"role-templates": [
         "name": "RoleTemplate_UaaUser",
         "description": "Role template for Destination type 'Token Exchange'. Contains UAA user scope.",
         "scope-references": [

Command for creating XSUAA instance with xs-security.json file:

cf create-service xsuaa application XsuaaForScenario -c xs-security.json

#clientSecret=<< Existing password/certificate removed on export >>
Description=Destination pointing to Productservice

App Router files


- name: ApprouterForShop
  host: shelf
  path: appfolder
  memory: 128M
  - XsuaaForScenario
    destinations: >
              "name": "destination_client",
              "url": "",
              "forwardAuthToken": true



  "authenticationMethod": "route",
  "routes": [
      "authenticationType": "xsuaa",
      "scope": [ "Backend-service!t6131.AllAccess" ],
      "source": "^/(.*)$",
      "target": "$1",
      "destination": "destination_client"


  "name": "myapprouter",
  "scripts": {
    "start": "node node_modules/@sap/approuter/approuter.js"
  "dependencies": {
    "@sap/approuter": "^6.0.1"

Node.js application files


- name: BsClientApp
  host: bsclient
  path: appfolder
  memory: 128M
  - XsuaaForScenario
  - mydestination


'use strict';

const oauthClient = require('client-oauth2');
const request = require('request-promise');

const express = require('express');
const app = express();

const cfenv = require("cfenv");

const appEnv = cfenv.getAppEnv();
const credentials = appEnv.getServiceCreds('mydestination');
const destClientId = credentials.clientid;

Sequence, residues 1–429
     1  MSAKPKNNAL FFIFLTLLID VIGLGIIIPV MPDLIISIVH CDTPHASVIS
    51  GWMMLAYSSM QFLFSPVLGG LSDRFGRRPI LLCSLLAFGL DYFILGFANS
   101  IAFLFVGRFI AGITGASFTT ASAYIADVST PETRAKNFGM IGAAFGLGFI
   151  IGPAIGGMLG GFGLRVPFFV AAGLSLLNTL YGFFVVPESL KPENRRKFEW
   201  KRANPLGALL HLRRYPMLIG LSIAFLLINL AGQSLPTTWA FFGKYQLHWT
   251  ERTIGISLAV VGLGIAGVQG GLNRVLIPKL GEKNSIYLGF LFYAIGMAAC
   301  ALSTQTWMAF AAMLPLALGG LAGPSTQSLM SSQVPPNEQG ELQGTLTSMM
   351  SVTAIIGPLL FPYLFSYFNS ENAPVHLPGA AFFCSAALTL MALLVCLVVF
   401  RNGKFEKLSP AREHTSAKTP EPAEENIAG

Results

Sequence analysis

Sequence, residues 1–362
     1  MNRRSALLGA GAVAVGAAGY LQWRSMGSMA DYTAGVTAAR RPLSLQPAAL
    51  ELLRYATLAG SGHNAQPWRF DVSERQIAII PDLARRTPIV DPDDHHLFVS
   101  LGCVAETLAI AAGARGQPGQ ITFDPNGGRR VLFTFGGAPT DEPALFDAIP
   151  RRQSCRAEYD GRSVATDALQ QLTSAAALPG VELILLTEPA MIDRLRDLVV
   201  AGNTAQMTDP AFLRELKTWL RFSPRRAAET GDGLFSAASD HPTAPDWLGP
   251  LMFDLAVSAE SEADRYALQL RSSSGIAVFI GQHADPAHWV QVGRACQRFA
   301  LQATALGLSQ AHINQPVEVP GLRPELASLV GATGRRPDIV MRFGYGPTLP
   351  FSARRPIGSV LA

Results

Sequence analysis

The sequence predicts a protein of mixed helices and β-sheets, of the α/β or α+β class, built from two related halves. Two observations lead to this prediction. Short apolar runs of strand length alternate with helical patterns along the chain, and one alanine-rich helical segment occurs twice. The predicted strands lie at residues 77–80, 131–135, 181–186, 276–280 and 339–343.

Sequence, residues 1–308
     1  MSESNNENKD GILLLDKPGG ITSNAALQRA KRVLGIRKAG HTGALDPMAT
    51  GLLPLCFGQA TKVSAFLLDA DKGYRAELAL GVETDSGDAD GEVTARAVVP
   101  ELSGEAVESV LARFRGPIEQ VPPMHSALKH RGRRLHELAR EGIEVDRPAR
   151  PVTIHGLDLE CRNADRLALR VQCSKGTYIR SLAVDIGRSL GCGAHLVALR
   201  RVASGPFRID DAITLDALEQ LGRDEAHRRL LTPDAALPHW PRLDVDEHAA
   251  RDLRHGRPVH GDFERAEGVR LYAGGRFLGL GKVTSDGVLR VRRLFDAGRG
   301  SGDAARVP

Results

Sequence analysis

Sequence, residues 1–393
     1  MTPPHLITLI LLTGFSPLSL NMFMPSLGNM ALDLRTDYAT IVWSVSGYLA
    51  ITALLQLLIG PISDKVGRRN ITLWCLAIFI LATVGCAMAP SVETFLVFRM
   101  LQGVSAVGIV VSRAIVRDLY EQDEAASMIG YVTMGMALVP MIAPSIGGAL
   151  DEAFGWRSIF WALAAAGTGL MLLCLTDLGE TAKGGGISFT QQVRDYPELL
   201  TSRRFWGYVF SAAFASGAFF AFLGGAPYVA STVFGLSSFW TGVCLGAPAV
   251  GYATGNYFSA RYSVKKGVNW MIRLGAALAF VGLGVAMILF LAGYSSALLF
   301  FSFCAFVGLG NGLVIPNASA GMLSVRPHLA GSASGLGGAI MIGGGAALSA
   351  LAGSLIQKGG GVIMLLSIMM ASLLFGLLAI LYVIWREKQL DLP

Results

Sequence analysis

const destClientSecret = credentials.clientsecret;
const destUri = credentials.uri; //
const destAuthUrl = credentials.url;// 

// destination service is protected with OAuth "client credentials"
const _getTokenForDestinationService = function() {
    return new Promise((resolve, reject) => {
        let tokenEndpoint = destAuthUrl + '/oauth/token'; 
        const client = new oauthClient({
            accessTokenUri: tokenEndpoint,
            clientId: destClientId,
            clientSecret: destClientSecret,
            scopes: []
        .catch((error) => {
            return reject({message: 'Error: failed to get access token for Destination service', error: error}); 
        .then((result) => {
            resolve({message:'Successfully fetched token for Destination service.', tokenInfo: result});

// call the REST API of the Cloud Foundry Destination service to get the configuration info as configured in the cloud cockpit
const _getDestinationConfig = function (destinationName, authorizationHeaderValue, existingJwtToken){    
    return new Promise (function(resolve, reject){
        let fullDestinationUri = destUri + '/destination-configuration/v1/destinations/' + destinationName; 
        const options = {
            url: fullDestinationUri,
            resolveWithFullResponse: true ,
            headers: { Authorization: authorizationHeaderValue,
                'X-user-token' : existingJwtToken  //header for token exchange
        .catch((error) => {
            return reject({ message: 'Error occurred while calling Destination service', error: error });
        .then((response) => {
            if(response && response.statusCode == 200){
                let jsonDestInfo = JSON.parse(response.body);
                return resolve({ message: 'Successfully called Destination service.' , destinationInfo: jsonDestInfo });
                reject('Error: failed to call destination service. ' + response.body);

 // call OData service (API defined in Backend service)
 const _doQUERY = function (serviceUrl, authorizationHeaderValue){
    return new Promise (function(resolve, reject){